State capitalism hold potential – and potential pitfalls – for emerging markets

With demand dwindling in European and American markets, some emerging markets are flirting with state-directed firms as a means to achieve economic growth. From China to South Africa, the rise of state capitalism is unmistakable. But as alluring as its purported stability can be, an article in The Economist issues a warning that there are weaknesses in the new model, which is unlike that seen in Britain some decades ago.

The selectivity of favoring certain companies over others can “soak up” resources that could be better used by private companies, which tend to grow at a more rapid pace.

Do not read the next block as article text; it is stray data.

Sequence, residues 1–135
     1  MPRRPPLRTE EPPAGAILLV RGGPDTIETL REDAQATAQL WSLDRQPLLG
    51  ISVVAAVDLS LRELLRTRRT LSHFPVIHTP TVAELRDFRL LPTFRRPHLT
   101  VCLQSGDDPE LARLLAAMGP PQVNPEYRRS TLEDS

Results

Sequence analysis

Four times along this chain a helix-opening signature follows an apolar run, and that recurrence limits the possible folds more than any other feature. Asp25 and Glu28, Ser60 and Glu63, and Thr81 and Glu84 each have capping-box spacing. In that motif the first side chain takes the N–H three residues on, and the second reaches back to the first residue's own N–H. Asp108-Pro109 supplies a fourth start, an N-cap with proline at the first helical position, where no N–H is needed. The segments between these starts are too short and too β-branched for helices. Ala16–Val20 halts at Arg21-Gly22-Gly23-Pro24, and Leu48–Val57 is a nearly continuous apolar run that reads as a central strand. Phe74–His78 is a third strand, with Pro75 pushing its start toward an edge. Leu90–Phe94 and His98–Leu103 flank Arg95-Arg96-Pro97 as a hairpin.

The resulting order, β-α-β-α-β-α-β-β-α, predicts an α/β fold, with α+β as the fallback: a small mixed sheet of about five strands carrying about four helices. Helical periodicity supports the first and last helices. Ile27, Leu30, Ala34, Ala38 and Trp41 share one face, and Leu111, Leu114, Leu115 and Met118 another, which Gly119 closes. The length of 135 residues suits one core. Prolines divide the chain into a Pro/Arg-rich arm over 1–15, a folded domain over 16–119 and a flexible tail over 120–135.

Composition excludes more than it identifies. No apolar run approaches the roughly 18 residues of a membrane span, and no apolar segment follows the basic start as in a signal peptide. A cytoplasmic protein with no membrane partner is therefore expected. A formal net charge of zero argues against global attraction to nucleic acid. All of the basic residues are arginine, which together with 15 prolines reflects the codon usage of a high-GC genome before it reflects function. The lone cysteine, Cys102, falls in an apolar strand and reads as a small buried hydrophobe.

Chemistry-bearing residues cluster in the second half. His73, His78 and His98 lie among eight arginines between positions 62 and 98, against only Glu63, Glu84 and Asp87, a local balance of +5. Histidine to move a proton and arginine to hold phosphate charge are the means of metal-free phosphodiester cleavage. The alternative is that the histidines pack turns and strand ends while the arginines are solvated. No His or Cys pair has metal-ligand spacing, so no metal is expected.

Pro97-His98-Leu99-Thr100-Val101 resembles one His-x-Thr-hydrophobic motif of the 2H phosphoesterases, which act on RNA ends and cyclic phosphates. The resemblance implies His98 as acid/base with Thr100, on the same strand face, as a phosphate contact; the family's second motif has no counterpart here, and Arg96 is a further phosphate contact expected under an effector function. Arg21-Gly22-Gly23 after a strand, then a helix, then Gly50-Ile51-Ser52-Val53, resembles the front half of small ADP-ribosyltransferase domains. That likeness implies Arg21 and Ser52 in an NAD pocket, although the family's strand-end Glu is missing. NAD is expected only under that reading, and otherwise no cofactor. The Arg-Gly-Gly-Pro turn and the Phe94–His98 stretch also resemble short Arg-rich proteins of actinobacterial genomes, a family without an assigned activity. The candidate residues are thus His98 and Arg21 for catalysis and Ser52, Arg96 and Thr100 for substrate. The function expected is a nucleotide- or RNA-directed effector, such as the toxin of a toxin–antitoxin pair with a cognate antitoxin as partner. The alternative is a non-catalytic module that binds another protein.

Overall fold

“Nor does the model guarantee stability. State capitalism works well only when directed by a competent state. Many Asian countries have a strong mandarin culture; South Africa and Brazil do not,” notes the article.

Furthermore, the Economist adds, “it may take many years for the model’s weaknesses to become obvious; and, in the meantime, it is likely to cause all sorts of problems. Investors in emerging markets, for instance, need to watch out.”




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